Since its inception, the conservatory has offered a host of teaching and learning opportunities, according to Wein. “Students are in the conservatory all the time,” added science teacher Holly Williams. “Some come to do homework in the peaceful atmosphere, others to rest, others to chat. Some come to work with plants.”
Following her independent study, Caroline (on left in picture at right), with Mrs. Williams’ help, is now creating a “living wall” in the conservatory as part of an independent SGx project. Art teacher Ted Sturtevant manufactured the metal frame, which now hangs on the room’s west side and is expected to be filled with five rows of plants, including lettuces that could be used in the dining hall.
And it won’t be the first time Sage, the school’s dining service, has taken advantage of the room’s foliage. Chef Rob Couto said the conservatory regularly provides herbs for several flavorful dishes. “I have used the oregano in most of the Latin dishes we prepare. The lavender has been used in the biscuits. And the rosemary in all the other dishes that require it,” he said.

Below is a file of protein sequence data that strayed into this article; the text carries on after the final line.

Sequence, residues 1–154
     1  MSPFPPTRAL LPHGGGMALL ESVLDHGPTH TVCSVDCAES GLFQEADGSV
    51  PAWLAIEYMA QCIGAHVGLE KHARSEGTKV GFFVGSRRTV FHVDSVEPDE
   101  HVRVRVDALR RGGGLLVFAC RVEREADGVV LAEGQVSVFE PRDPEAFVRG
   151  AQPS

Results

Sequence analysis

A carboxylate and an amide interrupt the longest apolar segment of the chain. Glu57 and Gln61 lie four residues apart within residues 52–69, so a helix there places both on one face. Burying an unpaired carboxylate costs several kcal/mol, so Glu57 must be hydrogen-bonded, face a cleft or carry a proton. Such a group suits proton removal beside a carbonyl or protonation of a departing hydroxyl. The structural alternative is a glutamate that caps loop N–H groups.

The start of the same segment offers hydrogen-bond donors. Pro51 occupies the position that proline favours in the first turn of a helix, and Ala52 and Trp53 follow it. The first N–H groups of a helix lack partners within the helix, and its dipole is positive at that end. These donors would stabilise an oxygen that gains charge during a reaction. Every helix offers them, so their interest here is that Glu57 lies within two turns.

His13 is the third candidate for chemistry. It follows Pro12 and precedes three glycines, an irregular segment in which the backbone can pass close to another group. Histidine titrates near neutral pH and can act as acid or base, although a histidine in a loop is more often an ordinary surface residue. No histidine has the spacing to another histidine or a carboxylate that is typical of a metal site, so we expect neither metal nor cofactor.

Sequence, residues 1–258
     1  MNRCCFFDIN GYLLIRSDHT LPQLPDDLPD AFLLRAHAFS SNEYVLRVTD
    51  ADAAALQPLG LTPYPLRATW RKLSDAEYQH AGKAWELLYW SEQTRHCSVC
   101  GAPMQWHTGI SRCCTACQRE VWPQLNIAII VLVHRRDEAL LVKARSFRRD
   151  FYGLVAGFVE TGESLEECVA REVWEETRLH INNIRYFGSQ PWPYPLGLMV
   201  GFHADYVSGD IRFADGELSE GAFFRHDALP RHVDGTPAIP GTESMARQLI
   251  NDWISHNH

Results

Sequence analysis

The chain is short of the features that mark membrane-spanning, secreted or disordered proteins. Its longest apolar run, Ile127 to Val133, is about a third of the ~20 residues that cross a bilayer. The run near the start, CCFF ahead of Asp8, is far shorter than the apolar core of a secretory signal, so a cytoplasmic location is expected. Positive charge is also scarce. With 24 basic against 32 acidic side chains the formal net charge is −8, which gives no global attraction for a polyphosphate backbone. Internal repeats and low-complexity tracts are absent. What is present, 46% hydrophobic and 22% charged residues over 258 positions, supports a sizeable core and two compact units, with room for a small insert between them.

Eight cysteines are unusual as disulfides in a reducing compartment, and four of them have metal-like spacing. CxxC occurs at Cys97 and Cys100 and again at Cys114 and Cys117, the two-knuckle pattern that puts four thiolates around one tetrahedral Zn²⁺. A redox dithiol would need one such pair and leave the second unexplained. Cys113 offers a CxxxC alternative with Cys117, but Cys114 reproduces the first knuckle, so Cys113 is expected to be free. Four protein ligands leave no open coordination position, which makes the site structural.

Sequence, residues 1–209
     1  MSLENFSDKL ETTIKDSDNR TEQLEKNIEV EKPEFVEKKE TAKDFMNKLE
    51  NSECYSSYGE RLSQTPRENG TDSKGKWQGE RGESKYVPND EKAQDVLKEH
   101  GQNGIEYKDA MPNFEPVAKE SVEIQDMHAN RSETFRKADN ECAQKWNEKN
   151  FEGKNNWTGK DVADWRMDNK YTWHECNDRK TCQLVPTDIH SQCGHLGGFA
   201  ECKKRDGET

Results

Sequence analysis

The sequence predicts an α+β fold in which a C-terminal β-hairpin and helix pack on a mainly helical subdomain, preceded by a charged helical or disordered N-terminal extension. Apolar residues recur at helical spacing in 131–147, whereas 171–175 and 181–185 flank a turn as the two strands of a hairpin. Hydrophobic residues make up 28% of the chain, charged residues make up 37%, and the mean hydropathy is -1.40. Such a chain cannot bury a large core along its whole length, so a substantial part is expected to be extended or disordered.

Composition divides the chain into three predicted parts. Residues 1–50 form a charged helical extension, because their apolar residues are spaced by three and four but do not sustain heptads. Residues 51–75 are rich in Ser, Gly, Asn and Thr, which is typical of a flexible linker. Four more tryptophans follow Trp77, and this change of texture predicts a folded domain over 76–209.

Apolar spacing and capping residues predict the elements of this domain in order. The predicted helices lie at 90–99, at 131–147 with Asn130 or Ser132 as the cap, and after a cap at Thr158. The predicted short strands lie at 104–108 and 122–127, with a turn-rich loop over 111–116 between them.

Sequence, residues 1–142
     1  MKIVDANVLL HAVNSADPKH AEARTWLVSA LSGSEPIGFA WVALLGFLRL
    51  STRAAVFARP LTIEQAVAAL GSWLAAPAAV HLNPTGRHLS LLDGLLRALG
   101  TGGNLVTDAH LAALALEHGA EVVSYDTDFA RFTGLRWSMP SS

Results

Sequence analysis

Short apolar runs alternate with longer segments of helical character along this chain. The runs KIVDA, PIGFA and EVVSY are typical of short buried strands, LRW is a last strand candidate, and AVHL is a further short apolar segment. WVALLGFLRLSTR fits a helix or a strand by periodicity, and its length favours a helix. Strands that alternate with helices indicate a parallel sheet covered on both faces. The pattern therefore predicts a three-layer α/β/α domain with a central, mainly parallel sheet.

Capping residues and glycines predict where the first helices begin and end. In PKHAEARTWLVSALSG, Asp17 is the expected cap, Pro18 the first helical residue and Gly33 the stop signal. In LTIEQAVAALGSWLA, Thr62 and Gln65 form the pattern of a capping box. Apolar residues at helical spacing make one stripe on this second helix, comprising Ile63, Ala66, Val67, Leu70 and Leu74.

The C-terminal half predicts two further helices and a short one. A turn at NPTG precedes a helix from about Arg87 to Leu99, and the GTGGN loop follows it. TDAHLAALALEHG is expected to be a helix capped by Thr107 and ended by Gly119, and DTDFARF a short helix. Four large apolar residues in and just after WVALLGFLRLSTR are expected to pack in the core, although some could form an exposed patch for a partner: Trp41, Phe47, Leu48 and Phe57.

The Rioses, of Dallas, Texas, said they donated the conservatory to inspire others to give to St. George’s, as well as to serve as a source of inspiration. “Our hope is that the St. George’s community will take advantage of this great space and it will inspire knowledge, creativity and growth,” Mrs. Rios said.
Margaret Todd ’17 said she was fortunate to have the opportunity to help Mrs. Williams set up the conservatory. “I feel at home in the plant room,” she said. “Since last fall, it has become a place I know I can always go, whether to study for a test or to take a study break.”
The space, she said, has become a sanctuary – and a place for imagining possibilities. “I have become attached to the plants that I have seen grow from nothing, and the fish that I got to help pick out,” she said. “I am very grateful, along with many others, that we now have a place like this easily accessible. I have always loved nature and the environment, and this room has provided me with the opportunity to explore what I want to do in the future.”